A recent government oversight report found the quality of traffic safety data systems vary by state and while gains are being made, limited resources and coordination can thwart further progress.

The U.S. Government Accountability Office -- the investigative arm of Congress -- analyzed traffic records assessments and found that the quality of state traffic safety data systems differed across the six types of data systems maintained by states. Those data systems include vehicle, driver, roadway, crash, citation and adjudication and injury surveillance.

  • Highlights of the report include:Across all states, vehicle and driver data systems met performance measures (which includes timeliness, consistency, completeness, accuracy, accessibility and integration) 71 percent and 60 percent of the time, respectively while roadway, crash, citation and adjudication, and injury surveillance data systems met performance measures less than half the time.
  • Data system quality varies by performance measure. For example, across all data systems, states met the performance measure for consistency 72 percent of the time, but states met the integration performance measure 13 percent of the time.
  • Of the 51 assessments the GAO reviewed, 49 had insufficient information to fully determine the quality of at least one data system. Furthermore, an updated assessment format has resulted in more frequent instances of insufficient information.

The GAO used data collected by the U.S. Department of Transportation's (DOT) National Highway Traffic Safety Administration (NHTSA) in completing its report. The oversight agency also analyzed state traffic records assessments, visited eight states and interviewed federal officials and other traffic safety experts.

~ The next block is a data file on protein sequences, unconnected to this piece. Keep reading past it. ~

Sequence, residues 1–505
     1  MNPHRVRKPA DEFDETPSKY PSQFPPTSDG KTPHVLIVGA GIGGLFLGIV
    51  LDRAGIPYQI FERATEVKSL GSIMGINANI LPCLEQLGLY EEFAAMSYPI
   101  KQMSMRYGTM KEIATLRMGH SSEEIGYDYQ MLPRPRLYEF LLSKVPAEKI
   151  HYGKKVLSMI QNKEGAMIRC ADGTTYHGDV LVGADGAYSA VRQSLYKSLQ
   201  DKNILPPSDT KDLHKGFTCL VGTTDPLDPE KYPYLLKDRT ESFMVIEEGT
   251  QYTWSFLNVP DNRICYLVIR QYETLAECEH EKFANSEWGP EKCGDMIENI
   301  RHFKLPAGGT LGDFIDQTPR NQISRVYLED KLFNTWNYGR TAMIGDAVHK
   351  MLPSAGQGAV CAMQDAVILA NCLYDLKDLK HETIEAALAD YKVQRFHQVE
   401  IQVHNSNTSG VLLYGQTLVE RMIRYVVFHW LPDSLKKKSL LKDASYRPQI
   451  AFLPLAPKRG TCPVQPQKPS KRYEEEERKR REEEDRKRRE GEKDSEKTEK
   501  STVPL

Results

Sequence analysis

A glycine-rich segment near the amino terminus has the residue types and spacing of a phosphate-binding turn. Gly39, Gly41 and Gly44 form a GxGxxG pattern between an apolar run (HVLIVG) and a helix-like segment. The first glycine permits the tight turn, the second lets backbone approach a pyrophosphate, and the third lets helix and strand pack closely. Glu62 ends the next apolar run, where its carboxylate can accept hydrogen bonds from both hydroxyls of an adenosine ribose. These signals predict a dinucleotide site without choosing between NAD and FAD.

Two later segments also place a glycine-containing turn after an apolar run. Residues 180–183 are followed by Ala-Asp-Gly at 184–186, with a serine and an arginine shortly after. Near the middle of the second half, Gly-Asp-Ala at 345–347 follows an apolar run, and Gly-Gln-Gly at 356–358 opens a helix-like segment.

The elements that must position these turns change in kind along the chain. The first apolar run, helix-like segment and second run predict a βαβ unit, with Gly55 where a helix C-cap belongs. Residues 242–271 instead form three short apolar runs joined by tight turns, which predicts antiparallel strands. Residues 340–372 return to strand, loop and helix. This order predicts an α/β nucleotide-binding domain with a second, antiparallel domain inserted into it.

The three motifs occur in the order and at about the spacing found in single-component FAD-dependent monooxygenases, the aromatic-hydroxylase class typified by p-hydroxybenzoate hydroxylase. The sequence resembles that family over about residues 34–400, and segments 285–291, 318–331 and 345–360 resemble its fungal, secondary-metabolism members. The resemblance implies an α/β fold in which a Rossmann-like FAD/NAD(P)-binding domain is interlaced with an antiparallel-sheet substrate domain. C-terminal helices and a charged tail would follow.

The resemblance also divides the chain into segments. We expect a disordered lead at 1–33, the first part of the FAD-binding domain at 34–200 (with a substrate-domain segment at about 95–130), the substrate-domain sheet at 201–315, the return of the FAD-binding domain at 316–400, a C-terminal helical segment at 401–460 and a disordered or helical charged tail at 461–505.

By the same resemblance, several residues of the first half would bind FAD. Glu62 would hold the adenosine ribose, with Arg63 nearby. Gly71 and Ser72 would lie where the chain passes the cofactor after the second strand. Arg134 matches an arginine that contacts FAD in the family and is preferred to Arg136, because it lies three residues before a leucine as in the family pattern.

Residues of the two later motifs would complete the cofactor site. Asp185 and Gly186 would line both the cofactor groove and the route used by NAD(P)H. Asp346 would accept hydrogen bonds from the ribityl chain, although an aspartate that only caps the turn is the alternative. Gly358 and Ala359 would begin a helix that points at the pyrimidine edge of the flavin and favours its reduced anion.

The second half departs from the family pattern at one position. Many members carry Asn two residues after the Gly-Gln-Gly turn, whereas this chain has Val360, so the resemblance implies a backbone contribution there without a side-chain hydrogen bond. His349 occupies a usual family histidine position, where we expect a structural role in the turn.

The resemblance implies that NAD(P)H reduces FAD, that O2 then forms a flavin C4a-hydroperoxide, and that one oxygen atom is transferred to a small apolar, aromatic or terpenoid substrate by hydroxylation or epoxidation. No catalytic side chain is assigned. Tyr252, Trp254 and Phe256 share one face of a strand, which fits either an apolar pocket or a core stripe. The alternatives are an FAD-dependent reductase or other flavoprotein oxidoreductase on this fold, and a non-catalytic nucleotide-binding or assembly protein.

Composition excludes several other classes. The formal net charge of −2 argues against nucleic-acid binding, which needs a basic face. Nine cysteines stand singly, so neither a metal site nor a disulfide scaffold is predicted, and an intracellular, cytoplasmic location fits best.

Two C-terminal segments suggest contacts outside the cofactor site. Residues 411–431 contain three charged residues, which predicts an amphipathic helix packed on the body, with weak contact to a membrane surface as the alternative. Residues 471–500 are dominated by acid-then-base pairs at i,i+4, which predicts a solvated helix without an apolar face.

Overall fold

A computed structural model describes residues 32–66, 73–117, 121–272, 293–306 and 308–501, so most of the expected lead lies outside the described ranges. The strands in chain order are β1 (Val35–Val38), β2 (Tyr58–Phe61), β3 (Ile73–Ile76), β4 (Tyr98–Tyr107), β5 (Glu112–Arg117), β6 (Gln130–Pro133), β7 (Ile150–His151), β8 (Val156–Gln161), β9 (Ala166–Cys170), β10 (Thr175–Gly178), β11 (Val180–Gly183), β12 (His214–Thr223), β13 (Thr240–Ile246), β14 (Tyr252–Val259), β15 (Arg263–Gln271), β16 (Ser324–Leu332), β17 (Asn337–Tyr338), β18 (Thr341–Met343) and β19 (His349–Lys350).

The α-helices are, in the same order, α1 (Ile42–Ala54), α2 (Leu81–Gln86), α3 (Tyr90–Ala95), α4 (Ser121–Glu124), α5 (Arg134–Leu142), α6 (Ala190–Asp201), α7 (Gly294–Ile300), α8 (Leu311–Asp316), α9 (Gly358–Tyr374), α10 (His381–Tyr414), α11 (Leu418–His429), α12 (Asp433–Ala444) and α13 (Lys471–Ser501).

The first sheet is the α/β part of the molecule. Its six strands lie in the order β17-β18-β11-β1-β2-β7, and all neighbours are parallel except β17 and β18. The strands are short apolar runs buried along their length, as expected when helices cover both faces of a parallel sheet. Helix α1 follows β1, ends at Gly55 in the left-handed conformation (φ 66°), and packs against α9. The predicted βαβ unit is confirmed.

States must submit plans which include fatality and crash data analyses to identify areas for improvement in order to qualify for federal funding.

Despite the variations in state traffic safety data system performance, states are making some progress toward improving system quality, the GAO report said. "All states GAO visited have implemented projects to improve data systems, such as switching to electronic data reporting and adopting forms consistent with national guidelines," the report said. "However, states face resource and coordination challenges in improving traffic safety data systems."

For example, custodians of data systems are often located in different state agencies, which make coordination difficult, the report said. Also, rural and urban areas may face greater challenges in improving data systems, such as limited technology options in rural areas or timely processing of large volumes of data in urban areas.

States the GAO visited have attempted to overcome these challenges, which in some cases included establishing an executive-level traffic records coordinating committee, on top of the technical-level committee that states must have to qualify for traffic safety grant funding.

The GAO recommended the NHTSA take steps to ensure state traffic records assessments are complete and consistent to provide an in-depth evaluation of all state traffic safety data systems across all performance measures.

"NHTSA should also study and communicate to Congress on the value of requiring an executive-level traffic records coordinating committee for states to qualify for traffic safety grant funding," the report stated. "DOT agreed with those recommendations."